Cold-inducible RNA-binding Protein Induces Neutrophil Extracellular Traps in the Lungs during Sepsis.
ABSTRACT: Extracellular cold-inducible RNA-binding protein (CIRP) exaggerates inflammation and tissue injury in sepsis. Neutrophil extracellular traps (NETs) are released by activated neutrophils during sepsis. NETs contribute to pathogen clearance, but excessive NET formation (NETosis) causes inflammation and tissue damage. Peptidylarginine deiminase 4 (PAD4) is associated with NETosis by increasing histone citrullination and chromatin decondensation. We hypothesized that CIRP induces NETosis in the lungs during sepsis via upregulating PAD4 expression. Sepsis was induced in C57BL/6 wild-type (WT) and CIRP-/- mice by cecal ligation and puncture (CLP). After 20?h of CLP induction, NETs in the lungs of WT and CIRP-/- mice were quantified by flow cytometry by staining the single cell suspensions with MPO and CitH3 Abs. PAD4 expression in the lungs of WT and CIRP-/- mice after sepsis was assessed by Western blotting. In vitro effects of recombinant mouse (rm) CIRP for NETosis and PAD4 expression in the bone marrow-derived neutrophils (BMDN) were assessed by flow cytometry and Western blotting, respectively. After 20?h of CLP, NETosis in the lungs was significantly decreased in CIRP-/- mice compared to WT mice, which also correlated with the decreased PAD4 expression. Intratracheal administration of rmCIRP into WT mice significantly increased NETosis and PAD4 expression in the lungs compared to vehicle-injected mice. In vitro culture of BMDN with rmCIRP significantly increased NETosis and PAD4 expression compared to PBS-treated control. Fluorescence microscopy revealed typical web-like structures consistent with NETs in rmCIRP-treated BMDN. Thus, CIRP serves as a novel inducer of NETosis via PAD4 during sepsis.
Project description:Sepsis represents uncontrolled inflammation due to an infection. Cold-inducible RNA-binding protein (CIRP) is a stress-induced damage-associated molecular pattern (DAMP). A subset of neutrophils expressing ICAM-1+ neutrophils was previously shown to produce high levels of reactive oxygen species. The role of CIRP for the development and function of ICAM-1+ neutrophils during sepsis is unknown. We hypothesize that CIRP induces ICAM-1 expression in neutrophils causing injury to the lungs during sepsis. Using a mouse model of cecal ligation and puncture (CLP)-induced sepsis, we found increased expression of CIRP and higher frequencies and numbers of ICAM-1+ neutrophils in the lungs. Conversely, the CIRP-/- mice showed significant inhibition in the frequencies and numbers of ICAM-1+ neutrophils in the lungs compared to wild-type (WT) mice in sepsis. In vitro treatment of bone marrow-derived neutrophils (BMDN) with recombinant murine CIRP (rmCIRP) significantly increased ICAM-1+ phenotype in a time- and dose-dependent manner. The effect of rmCIRP on increasing frequencies of ICAM-1+ neutrophils was significantly attenuated in BMDN treated with anti-TLR4 Ab or NF-?B inhibitor compared, respectively, with BMDN treated with isotype IgG or DMSO. The frequencies of iNOS producing and neutrophil extracellular traps (NETs) forming phenotypes in rmCIRP-treated ICAM-1+ BMDN were significantly higher than those in ICAM-1- BMDN. Following sepsis the ICAM-1+ neutrophils in the lungs showed significantly higher levels of iNOS and NETs compared to ICAM-1- neutrophils. We further revealed that ICAM-1 and NETs were co-localized in the neutrophils treated with rmCIRP. CIRP-/- mice showed significant improvement in their survival outcome (78% survival) over that of WT mice (48% survival) in sepsis. Thus, CIRP could be a novel therapeutic target for regulating iNOS producing and NETs forming ICAM-1+ neutrophils in the lungs during sepsis.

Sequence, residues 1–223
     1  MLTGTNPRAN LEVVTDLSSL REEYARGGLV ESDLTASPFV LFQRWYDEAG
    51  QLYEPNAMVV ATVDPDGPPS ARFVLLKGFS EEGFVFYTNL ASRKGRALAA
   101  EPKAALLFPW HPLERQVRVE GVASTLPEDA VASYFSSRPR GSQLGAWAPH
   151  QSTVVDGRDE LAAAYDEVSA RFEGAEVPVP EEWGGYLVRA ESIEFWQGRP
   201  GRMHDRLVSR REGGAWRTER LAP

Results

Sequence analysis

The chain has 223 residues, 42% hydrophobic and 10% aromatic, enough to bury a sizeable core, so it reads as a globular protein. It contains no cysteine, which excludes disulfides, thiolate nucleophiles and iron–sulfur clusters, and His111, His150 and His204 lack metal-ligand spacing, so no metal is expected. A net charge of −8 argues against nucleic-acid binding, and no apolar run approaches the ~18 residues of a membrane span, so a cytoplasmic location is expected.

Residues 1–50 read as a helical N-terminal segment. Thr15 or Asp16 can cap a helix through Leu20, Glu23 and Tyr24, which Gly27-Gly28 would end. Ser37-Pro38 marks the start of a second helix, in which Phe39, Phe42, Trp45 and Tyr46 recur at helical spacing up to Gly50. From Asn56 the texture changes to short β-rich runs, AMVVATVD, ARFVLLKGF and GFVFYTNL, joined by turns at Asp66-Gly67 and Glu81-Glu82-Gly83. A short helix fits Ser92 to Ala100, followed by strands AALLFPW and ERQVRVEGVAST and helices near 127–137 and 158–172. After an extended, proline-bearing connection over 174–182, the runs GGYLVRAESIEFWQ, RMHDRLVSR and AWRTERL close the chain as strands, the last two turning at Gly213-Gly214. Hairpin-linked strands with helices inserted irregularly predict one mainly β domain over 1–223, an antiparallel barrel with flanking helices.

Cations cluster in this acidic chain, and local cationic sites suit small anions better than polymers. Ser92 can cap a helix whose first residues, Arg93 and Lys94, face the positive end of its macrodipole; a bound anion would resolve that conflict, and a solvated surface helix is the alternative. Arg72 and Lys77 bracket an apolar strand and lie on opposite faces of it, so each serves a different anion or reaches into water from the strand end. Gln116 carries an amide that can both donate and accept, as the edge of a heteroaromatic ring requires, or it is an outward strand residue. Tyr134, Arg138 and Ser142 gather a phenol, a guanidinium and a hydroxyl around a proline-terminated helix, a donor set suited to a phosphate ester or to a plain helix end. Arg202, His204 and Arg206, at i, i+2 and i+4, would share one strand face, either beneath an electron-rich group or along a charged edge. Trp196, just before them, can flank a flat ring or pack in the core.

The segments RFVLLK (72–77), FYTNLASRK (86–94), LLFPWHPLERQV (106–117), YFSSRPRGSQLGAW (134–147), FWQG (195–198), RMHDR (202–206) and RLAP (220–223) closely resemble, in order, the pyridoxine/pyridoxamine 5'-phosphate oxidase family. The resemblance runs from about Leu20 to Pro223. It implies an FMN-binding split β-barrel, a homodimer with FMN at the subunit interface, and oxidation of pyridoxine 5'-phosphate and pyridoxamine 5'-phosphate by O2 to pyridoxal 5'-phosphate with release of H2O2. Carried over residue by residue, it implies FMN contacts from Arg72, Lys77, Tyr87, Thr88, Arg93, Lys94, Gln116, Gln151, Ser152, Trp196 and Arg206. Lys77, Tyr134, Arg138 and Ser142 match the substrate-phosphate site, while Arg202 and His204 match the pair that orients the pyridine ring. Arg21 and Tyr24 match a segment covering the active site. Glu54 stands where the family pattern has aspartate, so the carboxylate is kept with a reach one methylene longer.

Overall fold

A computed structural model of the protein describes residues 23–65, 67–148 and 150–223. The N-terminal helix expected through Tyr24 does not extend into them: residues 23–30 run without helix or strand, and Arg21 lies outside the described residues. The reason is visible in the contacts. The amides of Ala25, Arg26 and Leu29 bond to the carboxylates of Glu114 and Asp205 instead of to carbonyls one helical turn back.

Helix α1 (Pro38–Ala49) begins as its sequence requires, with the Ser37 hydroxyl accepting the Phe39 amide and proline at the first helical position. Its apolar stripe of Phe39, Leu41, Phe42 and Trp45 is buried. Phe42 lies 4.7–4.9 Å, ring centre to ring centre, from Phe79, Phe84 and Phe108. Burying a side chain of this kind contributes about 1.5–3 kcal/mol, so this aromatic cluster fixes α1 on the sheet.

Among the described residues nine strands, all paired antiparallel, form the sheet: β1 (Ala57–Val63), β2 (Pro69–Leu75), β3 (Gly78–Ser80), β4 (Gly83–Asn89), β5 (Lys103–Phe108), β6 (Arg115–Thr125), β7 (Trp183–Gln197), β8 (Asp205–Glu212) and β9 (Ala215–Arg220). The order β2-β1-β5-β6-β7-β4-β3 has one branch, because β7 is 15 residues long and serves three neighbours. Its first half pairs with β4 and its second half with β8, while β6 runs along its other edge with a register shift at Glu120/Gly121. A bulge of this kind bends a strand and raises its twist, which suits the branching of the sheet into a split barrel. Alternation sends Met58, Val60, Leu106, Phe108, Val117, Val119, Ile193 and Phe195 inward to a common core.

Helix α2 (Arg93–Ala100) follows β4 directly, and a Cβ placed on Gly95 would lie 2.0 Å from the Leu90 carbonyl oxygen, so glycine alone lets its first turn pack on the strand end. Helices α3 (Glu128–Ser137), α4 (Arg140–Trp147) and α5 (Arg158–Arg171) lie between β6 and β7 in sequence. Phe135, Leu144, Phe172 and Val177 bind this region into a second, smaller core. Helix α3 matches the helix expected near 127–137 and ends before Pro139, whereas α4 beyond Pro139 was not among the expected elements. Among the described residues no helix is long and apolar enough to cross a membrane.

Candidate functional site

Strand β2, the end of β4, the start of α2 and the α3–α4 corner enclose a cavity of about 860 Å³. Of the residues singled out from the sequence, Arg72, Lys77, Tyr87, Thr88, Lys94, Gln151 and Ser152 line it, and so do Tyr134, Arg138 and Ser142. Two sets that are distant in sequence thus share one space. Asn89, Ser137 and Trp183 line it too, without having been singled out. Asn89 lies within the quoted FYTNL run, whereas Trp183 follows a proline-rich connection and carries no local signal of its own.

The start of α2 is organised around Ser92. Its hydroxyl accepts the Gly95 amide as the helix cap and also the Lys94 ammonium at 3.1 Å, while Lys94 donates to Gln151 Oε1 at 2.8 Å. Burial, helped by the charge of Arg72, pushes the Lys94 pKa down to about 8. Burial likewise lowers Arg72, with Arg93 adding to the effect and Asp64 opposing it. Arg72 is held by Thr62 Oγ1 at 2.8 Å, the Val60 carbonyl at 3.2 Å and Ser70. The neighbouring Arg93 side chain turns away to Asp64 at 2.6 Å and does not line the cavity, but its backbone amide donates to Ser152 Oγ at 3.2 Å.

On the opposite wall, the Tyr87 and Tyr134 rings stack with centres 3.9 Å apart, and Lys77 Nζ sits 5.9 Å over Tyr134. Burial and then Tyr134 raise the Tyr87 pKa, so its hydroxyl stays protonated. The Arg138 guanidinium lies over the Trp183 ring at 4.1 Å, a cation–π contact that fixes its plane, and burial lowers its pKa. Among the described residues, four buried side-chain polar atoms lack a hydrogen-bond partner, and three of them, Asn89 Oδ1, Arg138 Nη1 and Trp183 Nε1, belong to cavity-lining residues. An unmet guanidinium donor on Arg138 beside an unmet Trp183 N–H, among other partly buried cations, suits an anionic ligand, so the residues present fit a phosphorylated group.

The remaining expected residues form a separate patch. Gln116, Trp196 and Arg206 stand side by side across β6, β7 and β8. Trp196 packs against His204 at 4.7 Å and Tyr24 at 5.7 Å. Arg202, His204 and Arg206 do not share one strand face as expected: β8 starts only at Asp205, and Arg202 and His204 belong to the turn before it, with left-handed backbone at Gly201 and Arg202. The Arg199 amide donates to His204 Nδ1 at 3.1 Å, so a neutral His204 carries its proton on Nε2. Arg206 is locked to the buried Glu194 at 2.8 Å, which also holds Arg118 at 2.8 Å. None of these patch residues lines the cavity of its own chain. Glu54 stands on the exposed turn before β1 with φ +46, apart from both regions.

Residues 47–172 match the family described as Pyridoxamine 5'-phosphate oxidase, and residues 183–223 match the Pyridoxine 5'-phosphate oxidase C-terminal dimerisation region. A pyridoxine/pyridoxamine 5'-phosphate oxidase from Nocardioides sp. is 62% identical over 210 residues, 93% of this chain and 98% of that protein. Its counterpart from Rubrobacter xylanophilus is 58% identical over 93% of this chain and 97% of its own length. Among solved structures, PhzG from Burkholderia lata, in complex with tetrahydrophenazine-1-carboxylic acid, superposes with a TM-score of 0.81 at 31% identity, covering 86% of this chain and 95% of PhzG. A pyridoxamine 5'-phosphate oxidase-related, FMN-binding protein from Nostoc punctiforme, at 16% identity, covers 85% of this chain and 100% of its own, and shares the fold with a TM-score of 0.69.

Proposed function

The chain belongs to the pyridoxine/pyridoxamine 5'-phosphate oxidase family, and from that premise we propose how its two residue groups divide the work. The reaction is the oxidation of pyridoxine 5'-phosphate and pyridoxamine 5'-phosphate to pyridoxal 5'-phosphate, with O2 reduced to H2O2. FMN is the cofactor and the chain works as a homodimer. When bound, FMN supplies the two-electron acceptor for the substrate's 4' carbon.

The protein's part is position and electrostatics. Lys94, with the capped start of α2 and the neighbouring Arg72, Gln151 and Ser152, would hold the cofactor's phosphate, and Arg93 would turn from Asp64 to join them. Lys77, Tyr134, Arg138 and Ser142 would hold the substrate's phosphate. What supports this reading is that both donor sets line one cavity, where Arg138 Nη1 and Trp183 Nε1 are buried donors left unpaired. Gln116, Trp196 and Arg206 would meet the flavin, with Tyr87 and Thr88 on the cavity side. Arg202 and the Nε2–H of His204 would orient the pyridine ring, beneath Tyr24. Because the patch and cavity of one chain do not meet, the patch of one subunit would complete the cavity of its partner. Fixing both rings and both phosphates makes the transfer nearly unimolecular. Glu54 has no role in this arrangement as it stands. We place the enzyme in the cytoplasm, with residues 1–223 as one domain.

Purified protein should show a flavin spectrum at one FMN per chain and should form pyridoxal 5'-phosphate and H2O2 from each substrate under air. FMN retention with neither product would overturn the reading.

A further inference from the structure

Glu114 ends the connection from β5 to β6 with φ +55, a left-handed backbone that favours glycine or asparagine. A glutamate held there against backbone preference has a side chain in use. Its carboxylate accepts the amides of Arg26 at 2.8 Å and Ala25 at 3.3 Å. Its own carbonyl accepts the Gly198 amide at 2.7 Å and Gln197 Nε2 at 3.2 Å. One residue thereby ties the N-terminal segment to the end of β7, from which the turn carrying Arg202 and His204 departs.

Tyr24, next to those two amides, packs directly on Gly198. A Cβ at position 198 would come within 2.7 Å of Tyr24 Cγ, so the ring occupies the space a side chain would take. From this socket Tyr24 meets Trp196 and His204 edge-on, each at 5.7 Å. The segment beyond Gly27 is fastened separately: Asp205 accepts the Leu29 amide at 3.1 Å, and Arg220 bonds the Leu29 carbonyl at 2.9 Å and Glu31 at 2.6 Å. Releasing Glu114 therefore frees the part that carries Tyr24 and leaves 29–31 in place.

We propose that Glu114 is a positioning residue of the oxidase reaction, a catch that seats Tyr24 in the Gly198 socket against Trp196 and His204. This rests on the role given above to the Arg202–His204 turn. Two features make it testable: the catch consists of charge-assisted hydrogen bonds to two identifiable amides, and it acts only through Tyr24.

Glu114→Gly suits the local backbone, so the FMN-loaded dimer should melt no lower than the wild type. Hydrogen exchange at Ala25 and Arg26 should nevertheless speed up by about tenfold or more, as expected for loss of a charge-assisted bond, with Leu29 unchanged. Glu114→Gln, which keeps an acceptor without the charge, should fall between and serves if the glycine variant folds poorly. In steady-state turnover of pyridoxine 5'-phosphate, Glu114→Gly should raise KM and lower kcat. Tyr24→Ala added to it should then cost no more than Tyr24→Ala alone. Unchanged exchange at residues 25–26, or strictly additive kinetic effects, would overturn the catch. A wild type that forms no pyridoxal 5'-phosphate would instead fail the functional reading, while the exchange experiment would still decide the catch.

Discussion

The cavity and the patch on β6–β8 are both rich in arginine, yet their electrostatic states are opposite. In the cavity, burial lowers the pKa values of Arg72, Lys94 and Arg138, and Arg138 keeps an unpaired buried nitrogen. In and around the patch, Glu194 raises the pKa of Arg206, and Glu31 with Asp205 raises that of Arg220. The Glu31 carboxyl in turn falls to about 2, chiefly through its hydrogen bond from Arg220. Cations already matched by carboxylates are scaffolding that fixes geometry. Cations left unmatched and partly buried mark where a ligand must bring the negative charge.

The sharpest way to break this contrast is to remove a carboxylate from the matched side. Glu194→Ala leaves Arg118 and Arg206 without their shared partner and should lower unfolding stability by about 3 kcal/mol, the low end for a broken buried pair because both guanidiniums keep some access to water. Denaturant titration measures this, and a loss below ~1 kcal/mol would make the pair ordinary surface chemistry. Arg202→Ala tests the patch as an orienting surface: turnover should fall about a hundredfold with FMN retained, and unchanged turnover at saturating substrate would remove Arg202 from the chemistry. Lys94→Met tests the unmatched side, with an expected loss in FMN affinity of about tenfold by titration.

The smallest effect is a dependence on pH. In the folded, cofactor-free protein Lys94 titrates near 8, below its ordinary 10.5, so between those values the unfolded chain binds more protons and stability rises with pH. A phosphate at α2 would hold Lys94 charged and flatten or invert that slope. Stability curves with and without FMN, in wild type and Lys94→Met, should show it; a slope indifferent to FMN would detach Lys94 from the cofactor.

Project description:Cold-inducible RNA-binding protein (CIRP) is a novel inflammatory mediator that stimulates the release of proinflammatory cytokines from macrophages in sepsis. Given the immune dysregulation that characterizes sepsis, the effect of CIRP on other immune cells is an area of increasing interest that has not yet been studied. In the present study, we hypothesized that extracellular CIRP promotes activation of T lymphocytes in the spleen during sepsis. We observed that mice subjected to sepsis by cecal ligation and puncture showed significantly higher expression of the early activation markers CD69 and CD25 at 20?h on CD4<sup>+</sup> splenic T cells, and significantly higher CD69 expression on CD8<sup>+</sup> splenic T cells compared with sham-operated controls. Furthermore, at 20?h after receiving intravenous injection of recombinant murine CIRP (rmCIRP, 5?mg/kg body weight (BW)) or PBS (vehicle), those mice receiving rmCIRP showed significantly increased expression of CD69 and CD25 on both CD4<sup>+</sup> and CD8<sup>+</sup> splenic T cells. This effect, however, was not seen in TLR4-deficient mice after rmCIRP injection. In addition, treatment with CIRP predisposed CD4<sup>+</sup> T cells to a Th1 hyperinflammatory response profile, and influenced CD8<sup>+</sup> T cells toward a cytotoxic profile. Taken together, our findings indicate that CIRP is a proinflammatory mediator that plays an important role in T-cell dysregulation during sepsis in a TLR4-dependent manner.
Project description:Cold-inducible RNA-binding protein (CIRP) is a damage-associated molecular pattern (DAMP) molecule which stimulates proinflammatory cytokine release in hemorrhage and sepsis. Under these medical conditions, disruption of endothelial homeostasis and barrier integrity, typically induced by proinflammatory cytokines, is an important factor contributing to morbidity and mortality. However, the role of CIRP in causing endothelial dysfunction has not been investigated. In this study, we show that intravenous injection of recombinant murine CIRP (rmCIRP) in C57BL/6 mice causes lung injury, evidenced by vascular leakage, edema, increased leukocyte infiltration and cytokine production in the lung tissue. The CIRP-induced lung damage is accompanied with endothelial cell (EC) activation marked by upregulation of cell-surface adhesion molecules E-selectin and ICAM-1. Using in vitro primary mouse lung vascular ECs (MLVECs), we demonstrate that rmCIRP treatment directly increases the ICAM-1 protein expression and activates NAD(P)H oxidase in MLVECs. Importantly, CIRP stimulates the assembly and activation of Nlrp3 inflammasome in MLVECs accompanied with caspase-1 activation, IL-1β release and induction of proinflammatory cell death pyroptosis. Finally, our study demonstrates CIRP-induced EC pyroptosis in the lungs of C57BL/6 mice for the first time. Taken together, the released CIRP in shock can directly activate ECs and induce EC pyroptosis to cause lung injury.